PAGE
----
recyclingEvery day in the United States, about 130,000 computers are thrown away. The recyclable material that makes up a computer includes plastic, metal, and glass. Even the attachments you use with your computer can be recycled, like the keyboard, the mouse, the computer speakers, external hard drives, printers and scanners.

While most electronics can be recycled at the local Waste Management authority, some retailers and manufacturers also oversee the process. For example, the Kodak Scanner Recycling Program was created in cooperation with waste management company and recycling companies to ensure that Kodak document scanners were recycled at the end of their operating life. Kodak collects the scanners at designated eCycling drop-off centers nation-wide.  Apple launched the Apple Recycle Program which offers an Apple Store Gift Card for your old equipment. Devices that qualify for this program are iPhones or eligible smartphones, iPad, and Mac or PC desktop, notebook computers, and iPods.  Several office supply stores also provide recycling options. Visit the EPA website for more information.

Other options for recycling electronics depend on where you live, so look locally. Here in Athens, Georgia, the local electronics recycler is CHaRM (Center for Hard to Recycle Materials). This is a great one stop place for several hard to recycle items. There is no charge for one five gallon bucket of mixed materials and a small fee for larger items. Another great all-volunteer organization that takes computers, monitors, printers and accessories is Free I.T. Athens. They reclaim and refurbish items and offer them for sale or you can volunteer your time and service for a computer.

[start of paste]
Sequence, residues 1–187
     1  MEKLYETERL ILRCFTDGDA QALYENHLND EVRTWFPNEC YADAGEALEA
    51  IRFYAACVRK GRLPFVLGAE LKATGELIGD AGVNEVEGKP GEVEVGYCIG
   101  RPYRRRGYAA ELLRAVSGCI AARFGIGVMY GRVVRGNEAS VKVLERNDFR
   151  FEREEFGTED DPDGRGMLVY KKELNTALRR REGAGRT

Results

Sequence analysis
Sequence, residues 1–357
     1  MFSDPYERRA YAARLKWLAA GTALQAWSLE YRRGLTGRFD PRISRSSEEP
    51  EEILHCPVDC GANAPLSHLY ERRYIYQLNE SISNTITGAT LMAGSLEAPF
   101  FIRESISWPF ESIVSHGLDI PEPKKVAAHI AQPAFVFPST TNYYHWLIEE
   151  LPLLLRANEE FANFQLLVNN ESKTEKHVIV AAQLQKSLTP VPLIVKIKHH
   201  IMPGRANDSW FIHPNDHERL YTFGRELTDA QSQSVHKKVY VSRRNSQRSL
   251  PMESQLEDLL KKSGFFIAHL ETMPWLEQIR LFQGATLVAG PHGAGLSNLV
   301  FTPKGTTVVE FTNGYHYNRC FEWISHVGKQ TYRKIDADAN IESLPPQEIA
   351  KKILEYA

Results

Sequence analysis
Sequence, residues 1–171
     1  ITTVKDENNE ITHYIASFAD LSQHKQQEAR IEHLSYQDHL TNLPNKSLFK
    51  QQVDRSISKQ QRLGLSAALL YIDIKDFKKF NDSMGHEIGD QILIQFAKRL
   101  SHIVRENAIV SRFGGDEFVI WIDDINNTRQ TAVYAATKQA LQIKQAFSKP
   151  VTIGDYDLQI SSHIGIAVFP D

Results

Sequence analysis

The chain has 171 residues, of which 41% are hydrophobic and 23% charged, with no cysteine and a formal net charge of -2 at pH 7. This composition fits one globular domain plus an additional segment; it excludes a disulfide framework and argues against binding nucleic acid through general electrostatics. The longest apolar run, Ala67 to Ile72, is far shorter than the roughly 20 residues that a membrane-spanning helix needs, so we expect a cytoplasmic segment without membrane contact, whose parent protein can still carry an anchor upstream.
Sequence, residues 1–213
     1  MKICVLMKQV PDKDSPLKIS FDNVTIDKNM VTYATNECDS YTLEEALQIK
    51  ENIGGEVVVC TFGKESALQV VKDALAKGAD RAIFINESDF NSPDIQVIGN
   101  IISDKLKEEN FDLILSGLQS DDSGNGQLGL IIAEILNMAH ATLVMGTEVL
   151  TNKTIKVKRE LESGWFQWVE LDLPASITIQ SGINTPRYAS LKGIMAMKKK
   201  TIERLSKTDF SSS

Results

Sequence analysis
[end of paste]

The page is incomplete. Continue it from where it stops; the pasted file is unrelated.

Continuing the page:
For general information on items that can be recycled, check with your local recycler or waste management company.  Waste Management provides a general listing of items that can be recycled. To search for recycling options for specific items, go to Earth911 where you can search by zip code. Batteries can be recycled through call2recycle.  A listing of state eCycling programs is available on E-cycling Central.

Written by Guest Blogger: Mary Fenwick Parish, Graduate Student at the University of Georgia, Master of Historic Preservation

One response to “Should I recycle my laptop? A guide to recycling electronics”

  1. Arbitrage Recycling Avatar

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